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UFC 213 on verge of losing fight it most desperately needs

Cody Garbrandt poses for photographers during an event for UFC 207, Thursday, Dec. 29, 2016, in Las Vegas. Garbrandt is scheduled to fight Dominick Cruz in a mixed martial arts bantamweight championship bout Saturday in Las Vegas. (AP Photo/John Locher)
(AP Photo/John Locher)

Heading into one of the most important dates of the calendar year, the UFC had a suitable, albeit historically underwhelming, card set for International Fight Week on Fourth of July weekend.

A time of the year that has previously hosted blockbuster fights like UFC 100 (Lesnar vs. Mir and St-Pierre vs. Alves), UFC 189 (Mendes vs. McGregor and Lawler vs. MacDonald), UFC 200 (Tate vs. Nunes, Lesnar vs. Hunt and Aldo vs. Edgar), Fourth of July weekend is often circled by many a mixed martial arts fan as a point in time promising some of the best action they’ll see all year.

This year’s iteration was slated to feature some fairly anticipated matchups, none more than Cody Garbrandt vs. T.J. Dillashaw. Though it was never officially labeled the headliner (the promotion mysteriously had that slot vacant on its website at time of publication), Garbrandt vs. Dillashaw brought fans everything they could ever want in an MMA fight.

Two talented fighters? Yep. Championship gold at stake? You betcha. Inherent drama between two former teammates turned heated rivals? Absolutely.

On a night that was bound to feature a rematch between Amanda Nunes and Valentina Shevchenko, Robbie Lawler vs. Donald Cerrone, Fabricio Werdum vs. Alistair Overeem and Anthony Pettis vs. Jim Miller, it was Garbrandt vs. Dillashaw that had most fans grinning from ear to ear as the distance between the present and July 8 grew shorter.

And yet, with less than two months to go before that fateful date, Garbrandt vs. Dillashaw appears to be on its last legs. Word got out that the champion was dealing with a back injury — one that was mostly unresponsive to stem cell treatments. The UFC has gone to great lengths to salvage its potential main event, sending Garbrandt to Dana White’s preferred doctor in Germany to help alleviate what pain exists in “No Love’s” back.

White may be confident the German specialists will be able to cure Garbrandt of his problems, but Ariel Helwani of MMA Fighting reports the odds are slim that we’ll actually see the two bantamweight fighters square off on July 8. Helwani also states the UFC is in the process of contacting other fighters to potentially headline the event, though nothing is set in stone.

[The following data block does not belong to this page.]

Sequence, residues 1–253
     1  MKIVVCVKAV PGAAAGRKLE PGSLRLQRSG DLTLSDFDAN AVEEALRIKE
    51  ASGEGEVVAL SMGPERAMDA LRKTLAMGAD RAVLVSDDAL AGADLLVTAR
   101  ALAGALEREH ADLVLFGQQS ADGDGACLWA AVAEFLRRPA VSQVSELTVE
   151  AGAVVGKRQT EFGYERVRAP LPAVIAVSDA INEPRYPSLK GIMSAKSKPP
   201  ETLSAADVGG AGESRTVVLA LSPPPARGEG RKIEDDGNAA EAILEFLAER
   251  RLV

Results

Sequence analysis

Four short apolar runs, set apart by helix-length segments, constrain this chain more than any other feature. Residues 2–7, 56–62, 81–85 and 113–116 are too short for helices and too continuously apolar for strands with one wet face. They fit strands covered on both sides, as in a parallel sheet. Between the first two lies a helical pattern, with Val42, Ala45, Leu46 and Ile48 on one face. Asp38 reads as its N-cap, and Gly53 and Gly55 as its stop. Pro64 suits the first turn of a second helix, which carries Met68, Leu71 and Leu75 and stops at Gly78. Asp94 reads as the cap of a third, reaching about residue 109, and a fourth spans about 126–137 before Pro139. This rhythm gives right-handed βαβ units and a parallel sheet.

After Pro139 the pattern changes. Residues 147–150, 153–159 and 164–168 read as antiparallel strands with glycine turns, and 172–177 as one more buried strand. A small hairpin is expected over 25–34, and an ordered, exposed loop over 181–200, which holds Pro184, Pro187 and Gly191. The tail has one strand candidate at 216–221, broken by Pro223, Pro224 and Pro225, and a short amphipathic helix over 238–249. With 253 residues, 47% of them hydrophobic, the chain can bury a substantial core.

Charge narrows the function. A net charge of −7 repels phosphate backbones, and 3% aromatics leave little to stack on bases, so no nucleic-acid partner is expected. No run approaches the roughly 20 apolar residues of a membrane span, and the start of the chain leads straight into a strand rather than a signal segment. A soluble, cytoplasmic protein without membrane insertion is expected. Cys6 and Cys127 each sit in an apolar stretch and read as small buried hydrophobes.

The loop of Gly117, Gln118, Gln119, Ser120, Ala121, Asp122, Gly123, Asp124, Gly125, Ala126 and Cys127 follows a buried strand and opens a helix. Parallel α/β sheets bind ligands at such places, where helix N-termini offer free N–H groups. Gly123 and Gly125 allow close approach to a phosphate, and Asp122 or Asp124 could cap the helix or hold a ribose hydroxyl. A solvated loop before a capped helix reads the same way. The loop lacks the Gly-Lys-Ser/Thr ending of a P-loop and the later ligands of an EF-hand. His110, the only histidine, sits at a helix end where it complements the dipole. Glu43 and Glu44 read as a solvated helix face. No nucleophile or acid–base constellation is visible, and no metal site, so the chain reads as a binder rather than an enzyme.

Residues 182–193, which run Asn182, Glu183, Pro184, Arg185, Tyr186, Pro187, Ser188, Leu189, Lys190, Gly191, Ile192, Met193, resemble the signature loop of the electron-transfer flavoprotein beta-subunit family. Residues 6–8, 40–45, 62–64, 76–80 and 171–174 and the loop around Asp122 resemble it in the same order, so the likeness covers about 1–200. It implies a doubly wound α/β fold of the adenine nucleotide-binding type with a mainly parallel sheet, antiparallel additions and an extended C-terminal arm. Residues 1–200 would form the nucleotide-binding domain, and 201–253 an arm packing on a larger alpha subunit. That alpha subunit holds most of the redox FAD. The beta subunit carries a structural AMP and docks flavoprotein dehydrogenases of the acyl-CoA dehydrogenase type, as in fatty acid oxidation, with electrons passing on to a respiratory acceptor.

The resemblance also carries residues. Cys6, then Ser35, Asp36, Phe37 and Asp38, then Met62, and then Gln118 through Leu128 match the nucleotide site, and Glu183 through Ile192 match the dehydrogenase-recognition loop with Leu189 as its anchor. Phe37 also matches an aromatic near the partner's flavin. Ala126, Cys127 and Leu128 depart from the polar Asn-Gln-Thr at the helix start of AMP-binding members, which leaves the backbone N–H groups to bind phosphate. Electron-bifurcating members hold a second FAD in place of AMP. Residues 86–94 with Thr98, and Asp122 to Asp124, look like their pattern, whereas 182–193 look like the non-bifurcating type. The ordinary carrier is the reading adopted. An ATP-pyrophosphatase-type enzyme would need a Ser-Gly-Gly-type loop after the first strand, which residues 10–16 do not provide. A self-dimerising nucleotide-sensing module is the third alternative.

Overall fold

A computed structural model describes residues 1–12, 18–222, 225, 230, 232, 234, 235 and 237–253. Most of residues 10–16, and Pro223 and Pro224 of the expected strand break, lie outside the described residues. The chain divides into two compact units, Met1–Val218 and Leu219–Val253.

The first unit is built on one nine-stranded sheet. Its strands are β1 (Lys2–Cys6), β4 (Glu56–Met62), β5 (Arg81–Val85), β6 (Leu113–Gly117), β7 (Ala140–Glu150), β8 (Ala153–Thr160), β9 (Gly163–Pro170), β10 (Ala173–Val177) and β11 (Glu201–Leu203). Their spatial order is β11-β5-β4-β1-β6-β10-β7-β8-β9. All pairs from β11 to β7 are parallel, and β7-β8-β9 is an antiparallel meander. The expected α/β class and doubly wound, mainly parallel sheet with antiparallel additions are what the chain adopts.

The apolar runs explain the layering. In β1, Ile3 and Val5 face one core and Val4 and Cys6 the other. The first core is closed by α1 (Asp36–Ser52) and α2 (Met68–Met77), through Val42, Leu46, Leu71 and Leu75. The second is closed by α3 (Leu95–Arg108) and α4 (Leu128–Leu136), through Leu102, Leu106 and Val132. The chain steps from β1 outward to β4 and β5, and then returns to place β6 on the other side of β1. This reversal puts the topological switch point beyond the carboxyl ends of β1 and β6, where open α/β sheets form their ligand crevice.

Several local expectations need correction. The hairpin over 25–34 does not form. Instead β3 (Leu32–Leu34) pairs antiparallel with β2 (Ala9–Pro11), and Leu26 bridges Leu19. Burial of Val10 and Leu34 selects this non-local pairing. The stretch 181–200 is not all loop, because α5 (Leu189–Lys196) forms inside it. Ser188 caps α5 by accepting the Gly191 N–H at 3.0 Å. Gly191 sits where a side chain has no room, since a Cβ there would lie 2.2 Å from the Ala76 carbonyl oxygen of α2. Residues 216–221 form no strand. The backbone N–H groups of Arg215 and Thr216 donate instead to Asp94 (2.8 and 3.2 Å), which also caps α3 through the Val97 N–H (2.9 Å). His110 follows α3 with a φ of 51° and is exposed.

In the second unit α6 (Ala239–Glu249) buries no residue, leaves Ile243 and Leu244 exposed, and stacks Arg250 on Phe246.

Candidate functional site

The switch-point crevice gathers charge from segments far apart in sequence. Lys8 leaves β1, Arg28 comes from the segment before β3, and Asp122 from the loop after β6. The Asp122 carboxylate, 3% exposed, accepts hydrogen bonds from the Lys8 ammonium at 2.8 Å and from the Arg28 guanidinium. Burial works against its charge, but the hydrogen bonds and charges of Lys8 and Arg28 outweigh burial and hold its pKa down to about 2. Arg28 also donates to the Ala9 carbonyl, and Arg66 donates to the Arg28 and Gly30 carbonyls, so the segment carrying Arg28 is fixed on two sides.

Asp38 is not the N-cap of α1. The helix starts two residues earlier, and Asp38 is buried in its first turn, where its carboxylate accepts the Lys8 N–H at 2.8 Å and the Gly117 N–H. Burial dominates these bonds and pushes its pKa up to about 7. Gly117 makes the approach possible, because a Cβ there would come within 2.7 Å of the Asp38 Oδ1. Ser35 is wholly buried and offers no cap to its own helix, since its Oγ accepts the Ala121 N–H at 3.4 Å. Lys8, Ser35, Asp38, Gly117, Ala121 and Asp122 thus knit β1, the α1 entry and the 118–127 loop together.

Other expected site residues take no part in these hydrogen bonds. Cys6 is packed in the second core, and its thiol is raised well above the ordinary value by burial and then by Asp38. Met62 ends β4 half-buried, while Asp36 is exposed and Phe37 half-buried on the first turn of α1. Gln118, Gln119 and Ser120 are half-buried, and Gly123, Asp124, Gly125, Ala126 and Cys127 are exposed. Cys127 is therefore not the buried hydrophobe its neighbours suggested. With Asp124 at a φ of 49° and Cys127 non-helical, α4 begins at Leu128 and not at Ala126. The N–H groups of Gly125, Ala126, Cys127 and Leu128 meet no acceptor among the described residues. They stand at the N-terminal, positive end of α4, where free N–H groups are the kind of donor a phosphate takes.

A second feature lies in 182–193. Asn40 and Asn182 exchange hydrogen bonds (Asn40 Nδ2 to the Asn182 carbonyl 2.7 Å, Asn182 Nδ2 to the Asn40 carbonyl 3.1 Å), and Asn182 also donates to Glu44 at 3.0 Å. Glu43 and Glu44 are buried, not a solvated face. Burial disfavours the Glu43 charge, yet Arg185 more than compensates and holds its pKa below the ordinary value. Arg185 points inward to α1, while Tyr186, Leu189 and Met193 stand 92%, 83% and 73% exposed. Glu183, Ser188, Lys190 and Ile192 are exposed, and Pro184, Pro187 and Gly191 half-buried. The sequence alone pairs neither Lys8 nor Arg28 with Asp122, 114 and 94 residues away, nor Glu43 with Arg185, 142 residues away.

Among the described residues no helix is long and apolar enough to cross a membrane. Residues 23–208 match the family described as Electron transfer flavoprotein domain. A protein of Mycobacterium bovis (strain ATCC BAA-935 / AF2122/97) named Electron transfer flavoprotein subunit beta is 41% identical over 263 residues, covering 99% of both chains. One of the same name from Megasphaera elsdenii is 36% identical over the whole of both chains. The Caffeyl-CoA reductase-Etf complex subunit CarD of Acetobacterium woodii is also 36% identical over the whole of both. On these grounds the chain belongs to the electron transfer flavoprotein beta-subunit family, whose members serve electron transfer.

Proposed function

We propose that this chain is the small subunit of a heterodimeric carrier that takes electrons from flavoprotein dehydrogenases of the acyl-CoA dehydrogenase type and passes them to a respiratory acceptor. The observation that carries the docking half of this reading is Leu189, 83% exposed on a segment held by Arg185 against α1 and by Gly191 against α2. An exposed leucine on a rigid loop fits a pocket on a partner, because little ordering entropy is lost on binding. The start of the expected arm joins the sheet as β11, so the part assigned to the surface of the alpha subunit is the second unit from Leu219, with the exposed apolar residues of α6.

The UFC already put a good portion of its eggs into the basket that was UFC 211, bringing numerous highly anticipated fights (championship or otherwise) into the fold for a thrilling night of action in early May. But for as grateful as fight fans may be to receive such a generous helping of top-notch Octagon action, they weren’t necessarily expecting it — not in the same way they’re anticipating it for early July year in and year out.

The promotion itself created a gaping hole early on by not dubbing Garbrandt vs. Dillashaw as its main event for UFC 213, generating the suspicion that something more special was (and still is) at play. Whether that “something more special” will actually manifest by July 8 remains to be seen, but not having it whatsoever will make Garbrandt’s absence from the card even more noteworthy.

At time of publication, the only title fight not in jeopardy for UFC 213 is Nunes vs. Shevchenko. Despite headlining two of the biggest pay-per-views in UFC history (200 and 207), we’re likely safe to assume that Nunes had little to do with those metrics. UFC 200 was stacked to historic proportions, and UFC 207 marked the return of Ronda Rousey. Nunes, despite all her talents, was not the draw in either situation. She won’t be the draw for UFC 213 either.

UFC 213 needs help, but there’s really no telling what — or specifically, who — may be available to help carry the load. The strawweight champion recently fought, the flyweight champion is not a draw, the bantamweight champion is hurt, the featherweight champion competes one month prior, the lightweight champion is chasing a boxing match with Floyd Mayweather, the welterweight champion has no opponent available, the middleweight champion is hurt, the light heavyweight champion fights later that month and the heavyweight champion fought just one week ago.

You then consider the idea that Nate Diaz isn’t interested in fighting for less than a handsome sum, Rousey is unofficially retired, Brock Lesnar is on suspension and Georges St-Pierre may not be ready in time for July, and suddenly you realize what sort of trouble this event may really be in.

Fourth of July weekend may not bring its annual fireworks show this year; not for the fans enthused by violence inside the Octagon anyway.

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